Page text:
‘Right. I’ll start with what I know. There was another hit last night. A warehouse in Clapham this time – another one that DS MacKinnon had cleared as clean while he was seconded to the drug squad. Same basic MO as the other five places that have been taken out in the past month; anonymous male calling it in, the security guys taken out by a sniper – one shot for each body, all left where they fell – the bodies inside all fire damaged but dead before the fire was set and a winged heart graffiti-ed on the wall of the building opposite. Only difference this time is that it looks like it was the headquarters of the drug operation, and we found two men hiding in a shed out the back of the warehouse who practically begged to be taken into custody. ‘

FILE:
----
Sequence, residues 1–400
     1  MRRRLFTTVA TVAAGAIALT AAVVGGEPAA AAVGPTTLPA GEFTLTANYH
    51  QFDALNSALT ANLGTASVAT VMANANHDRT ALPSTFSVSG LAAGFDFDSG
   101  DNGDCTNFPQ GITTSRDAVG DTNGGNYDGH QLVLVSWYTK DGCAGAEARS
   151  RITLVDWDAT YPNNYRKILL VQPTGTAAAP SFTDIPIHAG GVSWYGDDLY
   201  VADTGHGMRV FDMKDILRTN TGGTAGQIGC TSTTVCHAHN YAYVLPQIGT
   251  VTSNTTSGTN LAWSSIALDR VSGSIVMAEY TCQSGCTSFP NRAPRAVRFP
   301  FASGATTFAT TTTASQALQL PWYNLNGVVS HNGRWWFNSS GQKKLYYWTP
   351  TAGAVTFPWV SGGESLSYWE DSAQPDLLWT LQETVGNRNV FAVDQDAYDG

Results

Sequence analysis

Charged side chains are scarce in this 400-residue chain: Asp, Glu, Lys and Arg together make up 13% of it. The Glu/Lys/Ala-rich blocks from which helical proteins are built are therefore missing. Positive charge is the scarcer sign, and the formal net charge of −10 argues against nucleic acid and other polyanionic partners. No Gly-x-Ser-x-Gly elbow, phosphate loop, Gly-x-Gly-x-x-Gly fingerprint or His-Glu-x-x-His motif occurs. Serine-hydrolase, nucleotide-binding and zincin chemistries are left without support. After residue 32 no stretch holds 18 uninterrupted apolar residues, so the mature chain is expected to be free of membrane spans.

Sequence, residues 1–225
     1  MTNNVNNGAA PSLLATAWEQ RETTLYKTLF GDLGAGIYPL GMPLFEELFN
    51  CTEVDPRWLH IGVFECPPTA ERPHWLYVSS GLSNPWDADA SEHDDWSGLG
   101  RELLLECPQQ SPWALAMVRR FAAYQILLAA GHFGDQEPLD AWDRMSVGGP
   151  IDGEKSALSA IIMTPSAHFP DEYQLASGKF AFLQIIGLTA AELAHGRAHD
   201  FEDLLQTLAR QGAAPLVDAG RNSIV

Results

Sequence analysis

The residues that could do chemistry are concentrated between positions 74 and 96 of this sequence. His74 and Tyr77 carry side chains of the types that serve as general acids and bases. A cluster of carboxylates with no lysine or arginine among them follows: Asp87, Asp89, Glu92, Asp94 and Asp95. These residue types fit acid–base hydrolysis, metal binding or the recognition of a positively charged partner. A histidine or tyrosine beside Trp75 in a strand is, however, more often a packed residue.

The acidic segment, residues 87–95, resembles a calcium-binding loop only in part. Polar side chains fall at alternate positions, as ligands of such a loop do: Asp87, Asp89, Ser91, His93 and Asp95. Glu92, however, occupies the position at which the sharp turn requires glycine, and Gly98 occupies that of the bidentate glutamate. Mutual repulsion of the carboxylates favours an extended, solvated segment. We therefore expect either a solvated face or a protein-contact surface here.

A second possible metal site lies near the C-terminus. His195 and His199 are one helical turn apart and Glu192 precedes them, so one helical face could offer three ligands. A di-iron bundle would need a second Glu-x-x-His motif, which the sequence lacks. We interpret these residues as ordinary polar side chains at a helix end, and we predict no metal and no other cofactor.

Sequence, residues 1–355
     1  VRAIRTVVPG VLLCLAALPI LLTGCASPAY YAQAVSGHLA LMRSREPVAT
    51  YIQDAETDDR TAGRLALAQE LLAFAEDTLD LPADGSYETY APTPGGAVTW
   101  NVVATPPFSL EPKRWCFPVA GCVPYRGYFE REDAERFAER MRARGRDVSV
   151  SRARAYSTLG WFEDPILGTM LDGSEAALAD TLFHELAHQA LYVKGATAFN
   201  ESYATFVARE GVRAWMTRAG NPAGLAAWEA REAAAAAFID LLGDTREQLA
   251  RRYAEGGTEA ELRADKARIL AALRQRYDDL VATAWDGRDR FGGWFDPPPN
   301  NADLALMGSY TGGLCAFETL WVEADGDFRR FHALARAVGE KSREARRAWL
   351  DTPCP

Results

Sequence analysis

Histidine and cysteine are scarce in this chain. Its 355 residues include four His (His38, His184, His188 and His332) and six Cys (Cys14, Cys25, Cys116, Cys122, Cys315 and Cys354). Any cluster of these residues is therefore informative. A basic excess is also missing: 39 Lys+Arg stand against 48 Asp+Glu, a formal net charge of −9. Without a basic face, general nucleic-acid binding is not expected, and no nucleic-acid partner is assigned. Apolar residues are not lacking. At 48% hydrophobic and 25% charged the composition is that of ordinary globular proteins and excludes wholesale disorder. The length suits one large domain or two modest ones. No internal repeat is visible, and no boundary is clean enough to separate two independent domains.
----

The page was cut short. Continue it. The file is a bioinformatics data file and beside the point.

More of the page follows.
Greg draws his knees up to his chest, lets his head rest against the marble again and gives a shaky sigh.
‘To start with they seemed relatively calm and asked for DS MacKinnon - which was enough to incriminate them in my book - but when Sally told them he was dead they lost it. Started gibbering about Moriarty and his soldier going rogue. One actually used the phrases “terminate with extreme prejudice” and “taking out his own”. And then … And then the other mentioned you. By name. Said it was vengeance from beyond the grave, that Moriarty had turned against his own, against the ones who’d helped him stitch you up ’
Greg clears his throat, takes another swig of coffee and presses his fingers to the bridge of his nose.